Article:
8 58 The Master s Seminary Journal race. 36 Origen also taught that the church was the new Israel. In his debate with Celsus, for example, Origen stated, Our Lord, seeing the conduct of the Jews not to be at all in keeping with the teaching of the prophets, inculcated by a parable that the kingdom of God would be taken from them, and given to the converts from heathenism. 37 N. R. M. De Lange summarizes Origen s supersessionist perspective: Crucial to the whole argument [of Origen] is the paradox that Jews and Gentiles suffer a reversal of roles. The historical Israelites cease to be Israelites, while the believers from the Gentiles become the New Israel. This involves a redefinition of Israel. 38 Origen also saw a distinction between carnal Israel and spiritual Israel. Physical Israel functioned as a type for the spiritual Israel the church, in whom the promises would find their complete fulfillment. 39 As the Patristic Era s most influential theologian, Augustine ( ) contributed to the view that the church was now Israel. As James Carroll points out, Augustine s attitude toward the Jews was rooted in assumptions of supersessionism. 40 According to Cardinal Carlo Maria Martini, Augustine introduced a negative element into judgment on the Jews. 41 He did so by advancing the theory of substitution whereby the New Israel of the church became a substitute of ancient Israel. 42 In line with supersessionist theology, Augustine explicitly stated that the title Israel belonged to the Christian church: For if we hold with a firm heart the grace of God which hath been given us, we are Israel, the seed of Abraham.... Let therefore no Christian consider himself alien to the name of Israel. 43 He also said, The Christian people then is rather Israel. 44 He impacted later Christian theology heavily in taking this position. According to Augustine, when Gentiles believe and 36 Ibid., 135, ANF 1: Origen, Against Celsus 2.5, ANF 4: N. R. M. De Lange, Origen and the Jews: Studies in Jewish-Christian Relations in Third-Century Palestine (Cambridge: Cambridge University, 1976) Origen said corporeal Israelites [Jews] were the type for spiritual Israelites [the church]. On First Principles 4.21, ANF 4:370; See also D iprose, Israel in the Development of Christian Thought James Carroll, Constantine s Sword: The Church and the Jews (Boston: Houghton Mifflin, 2001) 41 Cardinal Carlo Maria Martini, Christianity and Judaism, a Historical and Theological Overview, in Jews and Christians: Exploring the Past, Present, and Future, ed. James H. Charlesworth (New York: Crossroad, 1990) Ibid. 43 Augustine, On the Psalms 114.3, in The Nicene and Post-Nicene Fathers (hereafter NPNF), Series 1, ed. Philip Schaff, 14 vols. (Peabody, Mass.: Hendrickson, 1994) 8: Ibid.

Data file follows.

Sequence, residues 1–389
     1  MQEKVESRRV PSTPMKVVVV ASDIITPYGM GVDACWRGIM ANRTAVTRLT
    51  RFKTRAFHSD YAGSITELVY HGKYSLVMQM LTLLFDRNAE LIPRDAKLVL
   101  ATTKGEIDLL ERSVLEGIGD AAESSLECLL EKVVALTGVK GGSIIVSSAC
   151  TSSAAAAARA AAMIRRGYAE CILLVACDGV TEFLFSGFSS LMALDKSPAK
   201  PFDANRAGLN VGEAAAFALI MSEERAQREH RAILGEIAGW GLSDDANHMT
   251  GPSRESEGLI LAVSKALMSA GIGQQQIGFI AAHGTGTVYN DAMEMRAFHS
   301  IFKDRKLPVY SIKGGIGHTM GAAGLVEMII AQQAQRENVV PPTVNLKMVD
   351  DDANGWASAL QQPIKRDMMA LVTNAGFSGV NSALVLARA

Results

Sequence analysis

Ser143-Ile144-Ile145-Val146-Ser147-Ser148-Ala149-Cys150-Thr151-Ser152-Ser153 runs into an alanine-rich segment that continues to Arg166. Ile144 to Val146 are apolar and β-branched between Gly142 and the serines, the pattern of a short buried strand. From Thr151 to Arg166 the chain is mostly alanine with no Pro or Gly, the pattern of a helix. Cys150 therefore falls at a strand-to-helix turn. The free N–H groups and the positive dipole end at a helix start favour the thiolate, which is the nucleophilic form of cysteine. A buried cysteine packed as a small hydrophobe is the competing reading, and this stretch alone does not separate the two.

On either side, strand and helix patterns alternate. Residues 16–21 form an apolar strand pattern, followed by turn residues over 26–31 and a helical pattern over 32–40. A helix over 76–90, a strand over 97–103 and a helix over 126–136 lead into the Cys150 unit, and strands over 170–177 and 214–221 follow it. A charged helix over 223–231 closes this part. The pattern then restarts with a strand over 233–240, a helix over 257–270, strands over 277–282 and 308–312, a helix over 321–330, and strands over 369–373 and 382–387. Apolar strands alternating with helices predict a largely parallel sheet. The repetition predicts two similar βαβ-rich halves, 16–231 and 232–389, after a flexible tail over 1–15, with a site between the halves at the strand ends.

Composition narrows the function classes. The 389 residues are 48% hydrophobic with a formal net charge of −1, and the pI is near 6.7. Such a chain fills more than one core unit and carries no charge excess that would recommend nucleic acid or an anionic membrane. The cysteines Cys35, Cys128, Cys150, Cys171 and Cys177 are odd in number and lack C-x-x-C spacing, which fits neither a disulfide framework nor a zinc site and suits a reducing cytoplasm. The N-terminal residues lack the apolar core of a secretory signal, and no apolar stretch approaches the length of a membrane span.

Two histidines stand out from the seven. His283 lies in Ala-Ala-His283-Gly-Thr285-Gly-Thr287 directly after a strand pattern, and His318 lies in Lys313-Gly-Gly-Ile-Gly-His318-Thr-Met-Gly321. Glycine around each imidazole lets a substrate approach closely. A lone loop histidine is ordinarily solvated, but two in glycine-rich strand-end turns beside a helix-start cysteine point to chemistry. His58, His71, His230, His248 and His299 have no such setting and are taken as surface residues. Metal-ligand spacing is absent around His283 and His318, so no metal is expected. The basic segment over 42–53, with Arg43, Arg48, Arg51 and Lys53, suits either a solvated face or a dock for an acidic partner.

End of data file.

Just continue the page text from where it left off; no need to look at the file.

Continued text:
9 Rejection Then Hope 59 become part of the new covenant, their hearts are circumcised and they become part of Israel: Now what the apostle attributed to Gentiles of this character, how that they have the work of the law written in their hearts; must be some such thing as what he says to the Corinthians: Not in tables of stone, but in fleshly tables of the heart. For thus do they become of the house of Israel, when their uncircumcision is accounted circumcision.... And therefore in the house of the true Israel, in which is no guile, they are partakers of the new testament. 45 Concerning Israel s role in the plan of God, Augustine argued that national Israel prefigured spiritual Israel the Christian people: Abraham, Isaac, and Jacob three fathers, and one people. The fathers three, as it were in the beginning of the people; three fathers in whom the people was figured: and the former people itself the present people. For in the Jewish people was figured the Christian people. There a figure, here the truth; there a shadow, here the body: as the apostle says, Now these things happened to them in a figure. 46 Augustine s supersessionist views were largely consistent with the Patristic tradition that preceded him. But one original contribution appears in his reasons for Israel s continued existence. During Augustine s time, the existence of the Jews and Judaism posed an apologetic problem for the church. If the church was the new Israel, for what purpose did the nation Israel exist? Augustine offered an answer for this perceived dilemma. For him, the Jews functioned primarily as witnesses. They were witnesses to the faith preached by the prophets, witnesses of divine judgment, and witnesses of the validity of Christianity. He wrote, But the Jews who slew Him... are thus by their own Scriptures a testimony to us that we have not forged the prophecies about Christ. 47 The Jews, according to Augustine, shielded Christians from accusations that Christians invented OT prophecies that pointed to Jesus. Thus, the existence of non-christian Jews was not a problem but an essential testimony to the truth of Christianity. Hood views Augustine s contribution as ingenious because it provided a foundation for tolerating Jews within a Christian society. 48 Augustine s contention 45 Augustine, On the Spirit and the Letter 46, NPNF¹ 5: Augustine, On the Gospel of St. John 11.8, NPNF¹ 7:77. Augustine also stated, In that people [the Jews], plainly, the future Church was much more evidently prefigured (Augustine, On the Catechising of the Uninstructed 19.33, NPNF¹ 3:304). Augustine expressed a supersessionist perspective when he wrote, But when they [the Jews] killed Him, then though they knew it not, they prepared a Supper for us (Augustine, Sermons on New Testament Lessons, Serm on 62, NPNF¹ 6:447). 47 Augustine, The City of God, Book 18.46, NPNF¹ 2: John Y. B. Hood, Aquinas and the Jews (Philadelphia: University of Pennsylvania, 1995) 12. Carroll states, It is not too much to say that, at this juncture, Christianity permitted Judaism to endure because of Augustine (Carroll, Constantine s Sword, 218). See also Jeremy Cohen, Introduction, in